One way to dramatically curtail transportation fuel needs is to move closer to work, use mass transit, or switch to walking, cycling or some other mode of transport that does not require anything other than human energy. There is also the option of working from home and telecommuting several days a week.
Cutting down on long-distance travel would also help, most notably airplane flights, which are one of the fastest growing sources of greenhouse gas emissions and a source that arguably releases such emissions in the worst possible spot (higher in the atmosphere). Flights are also one of the few sources of globe-warming pollution for which there isn't already a viable alternative: jets rely on kerosene, because it packs the most energy per pound, allowing them to travel far and fast, yet it takes roughly 10 gallons of oil to make one gallon of JetA fuel. Restricting flying to only critical, long-distance trips—in many parts of the world, trains can replace planes for short- to medium-distance trips—would help curb airplane emissions.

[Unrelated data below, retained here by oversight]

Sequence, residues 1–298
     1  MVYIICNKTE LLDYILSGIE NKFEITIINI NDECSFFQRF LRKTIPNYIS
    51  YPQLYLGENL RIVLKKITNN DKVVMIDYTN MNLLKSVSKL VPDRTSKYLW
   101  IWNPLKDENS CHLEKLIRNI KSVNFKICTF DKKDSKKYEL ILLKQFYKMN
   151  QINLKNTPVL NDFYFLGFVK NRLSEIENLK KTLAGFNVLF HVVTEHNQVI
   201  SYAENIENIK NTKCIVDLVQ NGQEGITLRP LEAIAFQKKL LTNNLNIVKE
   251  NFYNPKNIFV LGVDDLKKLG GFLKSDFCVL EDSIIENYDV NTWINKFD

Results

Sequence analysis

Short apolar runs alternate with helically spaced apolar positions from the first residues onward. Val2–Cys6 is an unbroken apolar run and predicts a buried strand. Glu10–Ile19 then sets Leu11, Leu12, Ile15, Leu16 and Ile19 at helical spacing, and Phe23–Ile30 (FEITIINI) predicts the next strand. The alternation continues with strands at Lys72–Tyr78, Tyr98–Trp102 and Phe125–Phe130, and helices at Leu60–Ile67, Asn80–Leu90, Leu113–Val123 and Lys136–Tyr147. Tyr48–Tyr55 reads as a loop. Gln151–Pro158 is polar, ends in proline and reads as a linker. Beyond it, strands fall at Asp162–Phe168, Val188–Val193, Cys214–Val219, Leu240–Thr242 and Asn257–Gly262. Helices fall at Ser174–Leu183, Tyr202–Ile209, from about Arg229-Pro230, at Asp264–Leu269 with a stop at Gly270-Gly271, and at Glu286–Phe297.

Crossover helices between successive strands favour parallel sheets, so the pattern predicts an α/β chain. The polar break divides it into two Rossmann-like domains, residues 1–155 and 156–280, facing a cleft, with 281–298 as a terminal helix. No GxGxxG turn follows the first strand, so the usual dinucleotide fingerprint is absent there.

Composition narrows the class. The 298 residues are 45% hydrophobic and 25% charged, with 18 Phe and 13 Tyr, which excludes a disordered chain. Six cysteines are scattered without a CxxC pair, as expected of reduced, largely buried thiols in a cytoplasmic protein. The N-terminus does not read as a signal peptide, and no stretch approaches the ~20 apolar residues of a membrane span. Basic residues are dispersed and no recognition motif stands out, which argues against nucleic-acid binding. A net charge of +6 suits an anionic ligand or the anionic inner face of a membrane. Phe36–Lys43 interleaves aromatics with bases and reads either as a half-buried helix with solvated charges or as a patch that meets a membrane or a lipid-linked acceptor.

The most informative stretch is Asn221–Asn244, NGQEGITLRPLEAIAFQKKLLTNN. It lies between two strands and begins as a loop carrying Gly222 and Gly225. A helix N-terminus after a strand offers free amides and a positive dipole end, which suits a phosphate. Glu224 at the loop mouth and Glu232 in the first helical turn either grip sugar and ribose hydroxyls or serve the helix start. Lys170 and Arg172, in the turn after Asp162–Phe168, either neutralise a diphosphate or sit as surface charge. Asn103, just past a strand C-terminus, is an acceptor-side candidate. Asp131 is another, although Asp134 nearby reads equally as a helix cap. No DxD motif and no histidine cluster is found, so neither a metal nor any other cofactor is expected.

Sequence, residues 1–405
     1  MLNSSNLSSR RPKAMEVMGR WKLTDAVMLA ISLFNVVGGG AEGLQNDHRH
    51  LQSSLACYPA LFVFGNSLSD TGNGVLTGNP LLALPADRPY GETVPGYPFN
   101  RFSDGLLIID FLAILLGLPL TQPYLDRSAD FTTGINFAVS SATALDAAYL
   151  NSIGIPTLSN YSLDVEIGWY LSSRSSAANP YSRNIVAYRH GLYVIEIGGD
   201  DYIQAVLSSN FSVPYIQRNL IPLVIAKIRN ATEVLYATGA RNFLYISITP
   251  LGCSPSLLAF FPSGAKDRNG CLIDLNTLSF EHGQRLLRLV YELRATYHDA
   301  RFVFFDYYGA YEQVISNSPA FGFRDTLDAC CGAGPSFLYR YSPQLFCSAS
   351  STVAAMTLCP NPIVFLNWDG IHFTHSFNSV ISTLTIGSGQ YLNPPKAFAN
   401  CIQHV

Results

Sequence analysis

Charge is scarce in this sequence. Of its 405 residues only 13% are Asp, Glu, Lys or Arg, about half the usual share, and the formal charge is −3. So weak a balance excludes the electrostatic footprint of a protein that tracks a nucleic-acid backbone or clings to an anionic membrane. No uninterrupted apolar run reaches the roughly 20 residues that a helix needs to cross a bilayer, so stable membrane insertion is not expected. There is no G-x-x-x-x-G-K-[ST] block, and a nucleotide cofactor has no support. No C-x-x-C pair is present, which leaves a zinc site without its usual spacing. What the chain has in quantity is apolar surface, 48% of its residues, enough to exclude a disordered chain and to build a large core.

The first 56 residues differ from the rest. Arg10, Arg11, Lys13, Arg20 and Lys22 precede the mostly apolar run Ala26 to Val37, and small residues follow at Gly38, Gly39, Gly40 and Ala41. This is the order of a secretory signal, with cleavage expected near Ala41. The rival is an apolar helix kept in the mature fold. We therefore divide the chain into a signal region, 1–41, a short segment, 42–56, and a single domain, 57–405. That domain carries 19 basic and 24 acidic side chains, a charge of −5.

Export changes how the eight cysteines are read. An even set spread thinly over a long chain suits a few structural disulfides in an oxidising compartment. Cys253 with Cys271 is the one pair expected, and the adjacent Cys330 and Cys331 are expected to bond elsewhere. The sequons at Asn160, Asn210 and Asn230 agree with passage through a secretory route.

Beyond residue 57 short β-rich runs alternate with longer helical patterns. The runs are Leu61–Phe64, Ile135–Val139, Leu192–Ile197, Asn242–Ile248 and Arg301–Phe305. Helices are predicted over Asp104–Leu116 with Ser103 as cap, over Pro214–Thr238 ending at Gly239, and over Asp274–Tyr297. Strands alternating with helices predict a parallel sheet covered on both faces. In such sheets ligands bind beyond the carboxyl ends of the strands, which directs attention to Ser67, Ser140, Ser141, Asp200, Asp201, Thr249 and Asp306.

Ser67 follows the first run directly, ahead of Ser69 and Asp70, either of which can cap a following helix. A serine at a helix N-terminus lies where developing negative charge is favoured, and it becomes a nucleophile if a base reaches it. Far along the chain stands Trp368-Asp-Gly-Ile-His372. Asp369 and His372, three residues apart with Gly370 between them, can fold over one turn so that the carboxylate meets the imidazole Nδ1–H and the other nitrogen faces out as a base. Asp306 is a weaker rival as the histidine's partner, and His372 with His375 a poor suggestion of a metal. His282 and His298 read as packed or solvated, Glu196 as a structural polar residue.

Consume Less—The easiest way to cut back on greenhouse gas emissions is simply to buy less stuff. Whether by forgoing an automobile or employing a reusable grocery sack, cutting back on consumption results in fewer fossil fuels being burned to extract, produce and ship products around the globe.
Think green when making purchases. For instance, if you are in the market for a new car, buy one that will last the longest and have the least impact on the environment. Thus, a used vehicle with a hybrid engine offers superior fuel efficiency over the long haul while saving the environmental impact of new car manufacture.